Sunday, January 09, 2000

No time for the victims




BY PETER BRONSON
The Cincinnati Enquirer

        The Ohio Crime Victims Compensation Fund is supposed to give money to grief-stricken crime victims. But some only get more grief.

        According to the state's fine print, victims are not really victims unless they witness the murder or find the body of a wife, husband, parent or child.

        With that and other loopholes to exclude “indirect victims,” it's no wonder the fund had a surplus of $28 million in 1998 and has $31 million this year.

        “I'm appalled by the concept that you'd have to see a loved-one murdered or find them dead to get compensation,” said state Sen. Mark Mallory, D-Cincinnati. “I'm working on my third constituent situation where the state won't pay out, and one where they're trying to take the money back.”

        He's also working to help Linda Pope. When Mrs. Pope asked for help in letters to the governor, attorney general and 18 state and federal lawmakers, only Sen. Mallory replied personally. Apparently, a lot of people would like to forget Mrs. Pope. But she refuses to be forgotten:

        “Some people call me the greedy, angry widow. But guess what: I ain't going anywhere. I'm not going to be the quiet little widow who just goes away.”

        Mrs. Pope's husband, Cincinnati Police Officer Dan Pope, was murdered by a suspect on Dec. 5, 1997, along with Officer Ron Jeter. Since that night, Mrs. Pope has been through a lot for someone who is not a “real” victim.

        The city offered to pay for her husband's funeral — then tried to renege.

        Two 911 operators who fumbled calls while the cops lay dying were reinstated — and Mrs. Pope was not allowed to speak at their hearing.

        She says “a great outpouring of love and support from police officers” gave her strength to get past the early weeks. But she hasn't heard from anyone in the police division since the funeral. Cops placed a wreath to mark the anniversary of the murders, but didn't call Mrs. Pope.

        She retired from her job as a firefighter after she collapsed one night as she tried to enter the same emergency room where she found her husband dead.

        But she's not a real victim. Not in Ohio.

        It's sadly typical to remember criminals and forget their victims. Cincinnati vaguely remembers the murdered cops, but forgot the families they left behind.

        Mrs. Pope remembers it all too clearly. And anyone who says $200,000 in cash and $69,000 a year is enough to replace a policeman and a husband should hear what it was like:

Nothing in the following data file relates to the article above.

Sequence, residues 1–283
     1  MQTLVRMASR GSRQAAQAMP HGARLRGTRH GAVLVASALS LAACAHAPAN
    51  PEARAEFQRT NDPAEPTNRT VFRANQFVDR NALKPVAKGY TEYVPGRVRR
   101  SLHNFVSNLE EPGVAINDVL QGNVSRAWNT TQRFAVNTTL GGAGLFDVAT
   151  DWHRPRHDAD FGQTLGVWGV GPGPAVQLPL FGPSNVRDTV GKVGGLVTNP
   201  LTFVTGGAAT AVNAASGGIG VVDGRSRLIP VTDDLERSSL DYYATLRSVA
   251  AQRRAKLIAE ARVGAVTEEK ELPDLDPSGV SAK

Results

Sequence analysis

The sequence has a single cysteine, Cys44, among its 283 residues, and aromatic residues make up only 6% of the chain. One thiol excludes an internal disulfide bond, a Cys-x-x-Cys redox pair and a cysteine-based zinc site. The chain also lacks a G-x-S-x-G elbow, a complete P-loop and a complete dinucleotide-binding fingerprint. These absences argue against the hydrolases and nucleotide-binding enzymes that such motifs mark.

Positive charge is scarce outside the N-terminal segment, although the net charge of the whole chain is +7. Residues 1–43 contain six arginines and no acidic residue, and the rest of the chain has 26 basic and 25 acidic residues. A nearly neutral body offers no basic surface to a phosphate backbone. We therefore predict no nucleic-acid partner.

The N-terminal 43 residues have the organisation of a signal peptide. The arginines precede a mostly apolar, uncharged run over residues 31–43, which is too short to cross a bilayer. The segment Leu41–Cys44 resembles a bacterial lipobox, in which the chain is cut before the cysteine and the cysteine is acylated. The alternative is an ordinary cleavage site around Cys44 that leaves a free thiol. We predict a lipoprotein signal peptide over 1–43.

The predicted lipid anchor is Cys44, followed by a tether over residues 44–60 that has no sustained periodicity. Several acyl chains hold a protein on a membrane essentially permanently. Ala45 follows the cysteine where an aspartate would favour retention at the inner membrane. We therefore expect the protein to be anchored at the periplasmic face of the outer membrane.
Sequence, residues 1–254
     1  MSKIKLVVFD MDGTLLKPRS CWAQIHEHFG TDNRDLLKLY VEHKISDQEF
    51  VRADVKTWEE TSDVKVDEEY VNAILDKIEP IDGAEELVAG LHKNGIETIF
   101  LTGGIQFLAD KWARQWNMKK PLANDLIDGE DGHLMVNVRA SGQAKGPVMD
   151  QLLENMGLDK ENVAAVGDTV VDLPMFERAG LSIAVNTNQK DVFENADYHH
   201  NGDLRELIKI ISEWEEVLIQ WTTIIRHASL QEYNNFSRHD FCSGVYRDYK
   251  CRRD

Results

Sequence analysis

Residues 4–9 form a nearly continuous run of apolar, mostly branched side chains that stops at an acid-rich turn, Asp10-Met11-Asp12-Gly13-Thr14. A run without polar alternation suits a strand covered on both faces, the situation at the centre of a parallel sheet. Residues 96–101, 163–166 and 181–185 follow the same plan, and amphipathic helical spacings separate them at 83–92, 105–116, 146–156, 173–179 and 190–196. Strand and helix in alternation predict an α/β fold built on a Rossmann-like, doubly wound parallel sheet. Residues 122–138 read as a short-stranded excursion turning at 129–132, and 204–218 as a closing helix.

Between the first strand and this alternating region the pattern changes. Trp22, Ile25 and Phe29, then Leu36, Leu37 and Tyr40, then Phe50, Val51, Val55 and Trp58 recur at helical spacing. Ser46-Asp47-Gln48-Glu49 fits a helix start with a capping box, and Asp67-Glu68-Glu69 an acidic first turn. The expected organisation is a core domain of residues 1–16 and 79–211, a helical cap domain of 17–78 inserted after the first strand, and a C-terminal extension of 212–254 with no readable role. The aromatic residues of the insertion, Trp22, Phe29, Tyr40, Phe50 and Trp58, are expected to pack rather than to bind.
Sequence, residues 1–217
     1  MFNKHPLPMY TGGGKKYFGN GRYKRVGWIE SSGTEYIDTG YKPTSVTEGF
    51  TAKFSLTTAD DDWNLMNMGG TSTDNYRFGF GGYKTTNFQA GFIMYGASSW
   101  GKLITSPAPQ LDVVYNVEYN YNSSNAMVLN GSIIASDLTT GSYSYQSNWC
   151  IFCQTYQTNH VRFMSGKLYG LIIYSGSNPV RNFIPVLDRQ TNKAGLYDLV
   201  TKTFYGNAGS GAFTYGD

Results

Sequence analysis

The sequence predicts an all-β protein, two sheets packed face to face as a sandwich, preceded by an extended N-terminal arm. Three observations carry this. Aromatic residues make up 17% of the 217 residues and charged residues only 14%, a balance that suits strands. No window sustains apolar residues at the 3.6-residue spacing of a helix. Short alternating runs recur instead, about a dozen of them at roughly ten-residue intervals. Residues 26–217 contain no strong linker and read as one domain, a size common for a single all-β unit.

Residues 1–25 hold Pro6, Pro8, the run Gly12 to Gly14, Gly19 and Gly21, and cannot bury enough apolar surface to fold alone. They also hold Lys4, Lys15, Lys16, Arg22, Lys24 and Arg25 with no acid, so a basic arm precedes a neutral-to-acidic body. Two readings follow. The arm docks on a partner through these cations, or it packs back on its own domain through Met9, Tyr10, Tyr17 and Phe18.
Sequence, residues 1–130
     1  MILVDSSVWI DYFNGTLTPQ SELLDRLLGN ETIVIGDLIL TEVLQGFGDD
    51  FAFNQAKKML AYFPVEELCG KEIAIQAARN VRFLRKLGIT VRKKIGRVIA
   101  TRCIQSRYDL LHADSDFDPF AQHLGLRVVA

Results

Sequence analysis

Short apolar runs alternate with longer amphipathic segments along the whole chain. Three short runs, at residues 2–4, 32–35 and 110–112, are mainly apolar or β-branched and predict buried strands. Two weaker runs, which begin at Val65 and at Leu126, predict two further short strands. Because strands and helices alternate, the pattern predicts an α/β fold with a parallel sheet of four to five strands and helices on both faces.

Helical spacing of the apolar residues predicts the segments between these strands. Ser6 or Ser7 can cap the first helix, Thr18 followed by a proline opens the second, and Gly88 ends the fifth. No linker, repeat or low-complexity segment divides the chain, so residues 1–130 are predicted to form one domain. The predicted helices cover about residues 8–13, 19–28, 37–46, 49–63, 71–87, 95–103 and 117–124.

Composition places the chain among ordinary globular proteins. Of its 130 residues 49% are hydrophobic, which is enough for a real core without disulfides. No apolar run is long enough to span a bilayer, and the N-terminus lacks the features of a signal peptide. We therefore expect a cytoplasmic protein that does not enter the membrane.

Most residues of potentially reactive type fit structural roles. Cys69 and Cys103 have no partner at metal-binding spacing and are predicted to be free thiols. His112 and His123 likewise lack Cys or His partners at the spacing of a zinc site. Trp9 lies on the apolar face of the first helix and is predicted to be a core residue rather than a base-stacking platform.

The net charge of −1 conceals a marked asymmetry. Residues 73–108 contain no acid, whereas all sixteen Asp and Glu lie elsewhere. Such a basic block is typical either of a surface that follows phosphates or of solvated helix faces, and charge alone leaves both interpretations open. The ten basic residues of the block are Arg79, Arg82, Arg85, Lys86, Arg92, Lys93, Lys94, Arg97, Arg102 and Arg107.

“Being at the hospital an hour after my husband was killed, seeing him with a hole in his head, watching his body deteriorate with tubes sticking out everywhere, being unable to close his eyes — that's not "immediate aftermath'?”

        Not according to the Ohio Attorney General's office, which refuses to compensate anyone unless “... the person had a direct awareness of the crime or immediate aftermath...”

        Mrs. Pope was notified with a grimly official legal document. No apologies. No sympathy. No compassion.

        Just doubletalk: “In the case of In re Clapacs (1989), 58 Ohio Misc.2d 1, V88-41344 jud (9-5-89)...”

        The final words are like a slamming door: “... the Attorney General recommends that the claim be denied.”

        Sen. Mallory is urging Attorney General Betty Montgomery to reconsider, but doubts it will help. He's also trying to amend the law to redefine victims.

        “How much worse can it get?” he asked. “The average person would think a victim of a crime would get compensation.”

        Instead, they get “58 Ohio Misc.2d” — a bureaucrat's brush-off.

        “To get notified by a form letter was a little cold,” Mrs. Pope said. “They have a $31 million budget and they can't even pay somebody to write a letter?”

        She has lost faith in the system. “The politicians and bureaucrats are not there to help you. They are there to knock you down, beat you up and make you go away.”

        But she won't go away.

        “People ask, "Hasn't she gotten enough?' No, not until my husband walks through the door, and that will never happen. So why shouldn't I fight for benefits? Maybe the next person who comes along won't get a letter like that.” She thinks the Victims Fund “needs a victim in there who has had a wife or child murdered, to humanize them.”

        I nominate Linda Pope.

        Peter Bronson is editorial page editor of The Enquirer. If you have questions or comments, call 768-8301, or write to 312 Elm Street, Cincinnati, Ohio 45202; e-mail, letters@enquirer.com.